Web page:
Coding conventions


Semantic MediaWiki and many of its extensions stick to a strict naming conventions and code styles based on the MediaWiki coding conventions. The guidelines can often be adopted to other extensions by just changing the prefix SMW.

Files and folders

  • The project follows the PSR-4 guideline in naming and using namespaces for classes where SMW is the top-vendor identifier,
  • Classes in the src folder follow the PSR-4 layout
  • Due to legacy reasons classes in the includes folder have no or very rudimentary test coverage and do not follow PSR-4. Once a class meets certain criteria (one of which is sufficient test coverage among others) it is expected to be moved into the src folder with the objective to remove includes in the future.


  • All files need to be stored as UTF8 (this is absolutely crucial)
  • All line endings must be UNIX-style


Class annotations

The @private annotation for a class indicates a solely restricted use within the SMW-core code base and even though a class might provide public access methods, it SHOULD NOT be expected that the class itself or its methods will be available during or after a specific release cycle.

Naming conventions

In general, all names are written using the CamelCase style, although methodNames and variableNames typically start with lower case letters. Private methods are not required to follow the convention.

  • Classes use a namespace that starts with "SMW". Class definitions that are encapsulated in methods do not have a prefix. Another exception are classes for '''Specials''' which should be named after the special, as is common in MediaWiki.
  • Functions that are accessible globally require the "smwf" prefix
  • Variables are prefixed with "smwg" if declared globally. Variables in a class do not have a special prefix. Local variables in functions typically use the camelCase style or _ if any separation is needed.
  • Constants are written ALLCAPS with underscores as internal separator, and are to be prefixed with "SMW" when used globally (e.g. in "define('SMW_FOO', 1)"), class constants are free from this convention.

Code layout and indenting

In general, code layout is guided by the MediaWiki coding conventions. Please be sure to read this document.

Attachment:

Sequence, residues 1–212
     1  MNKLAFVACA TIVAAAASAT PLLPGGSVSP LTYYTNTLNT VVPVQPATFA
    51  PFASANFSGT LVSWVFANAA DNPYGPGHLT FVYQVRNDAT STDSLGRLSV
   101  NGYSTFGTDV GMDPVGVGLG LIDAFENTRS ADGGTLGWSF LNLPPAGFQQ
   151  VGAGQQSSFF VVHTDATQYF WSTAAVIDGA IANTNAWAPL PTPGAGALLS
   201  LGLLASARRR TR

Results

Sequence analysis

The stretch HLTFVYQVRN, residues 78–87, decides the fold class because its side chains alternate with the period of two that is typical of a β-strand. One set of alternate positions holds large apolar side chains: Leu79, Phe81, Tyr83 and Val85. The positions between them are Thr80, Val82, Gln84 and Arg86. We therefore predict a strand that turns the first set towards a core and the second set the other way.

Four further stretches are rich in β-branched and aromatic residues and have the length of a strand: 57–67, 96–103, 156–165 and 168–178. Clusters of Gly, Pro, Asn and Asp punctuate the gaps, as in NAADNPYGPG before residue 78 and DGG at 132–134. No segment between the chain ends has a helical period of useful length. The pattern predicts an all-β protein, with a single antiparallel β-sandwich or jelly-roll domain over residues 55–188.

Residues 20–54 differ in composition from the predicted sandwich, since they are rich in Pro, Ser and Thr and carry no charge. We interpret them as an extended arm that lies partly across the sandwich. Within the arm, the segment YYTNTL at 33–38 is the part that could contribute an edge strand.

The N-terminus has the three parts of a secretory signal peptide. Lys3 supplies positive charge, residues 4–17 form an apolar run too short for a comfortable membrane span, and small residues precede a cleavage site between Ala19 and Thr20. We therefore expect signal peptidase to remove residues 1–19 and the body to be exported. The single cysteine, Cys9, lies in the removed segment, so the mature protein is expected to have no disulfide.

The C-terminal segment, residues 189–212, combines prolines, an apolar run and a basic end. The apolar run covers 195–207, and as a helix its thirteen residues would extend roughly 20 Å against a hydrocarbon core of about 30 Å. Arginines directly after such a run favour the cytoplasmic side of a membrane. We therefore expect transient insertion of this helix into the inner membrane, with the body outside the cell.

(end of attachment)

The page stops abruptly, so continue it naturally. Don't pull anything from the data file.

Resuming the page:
• Do not use a closing "?>" tag in your source files. It is a source for errors that is not needed in files.
  • Document all your code (see source documentation for details)
  • Avoid single lines of code becoming too long.
  • '''Indenting''' of program blocks is done with tabulators, not with spaces. All program blocks are indented.
  • All indented program blocks should be enclosed with { and }, even if they have one line only.
  • Using in-line conditionals for value computations is fine ("condition?thenvalue:elsevalue").
  • Spaces around "=" (variable assignment) and all operators, including "." (string concatenation), are recommended.
  • In conditionals, conjunctions and disjunctions should be written as ''&&'' and ''||'', respectively, not as ''and'' and ''or''.
  • Value constants like '''true''', '''false''', and '''null''' are always written lower case.
  • Class-members should be declared '''private''' and only use '''protected''' if sharing with sub-classes is expected. The use of '''public''' is required to indicate a publicly available method.
  • Use the keyword '''static''' where only appropriate (static methods or properties are out of an object context, so you cannot use $this inside of a static method)
  • When you finish some task, take some time to '''remove unused''' debug-statements, functions, and local variables from your code!


Naming conventions

In general, all names are written CamelCase, although methodNames and variableNames typically start with lower case letters.

  • '''Variables''' mostly don't adhere to any naming conventions, but global variables should have the prefix "smw".
  • JavaScript modules are registered with the ResourceLoader using Resources.php

Code layout and indenting

  • ''No general code layout for SMW's JavaScript has been proposed or implemented yet.''
  • JSHint can help detect errors and potential problems in JavaScript code

Source documentation

  • Every class and function ''must'' have a short documentation, enclosed in "/** ... */". These blocks use the doxygen notation.
  • Use @since to indicate the version in which the function or field was added. Also do this for hooks.
  • Use type hinting where possible. It is important to do this in new code that can be inherited, as deriving classes won't be able to use type hinting when this is not done in the base class.
  • Use @todo and @bug in doxygen comments to keep track of to-dos and bugs directly within the code.
  • Complex code and hacks should be documented with C-style line-comments ("// ...").
  • User documentation should be documented with Shell-style line-comments ("# ...").
  • Implementations that affect users and existing features ''must'' be documented in the user manual before release.
  • Changes that are relevant to users, administrators, or third-party developers ''must'' be mentioned in the file RELEASE-NOTES where a short note is enough (incl. the PR).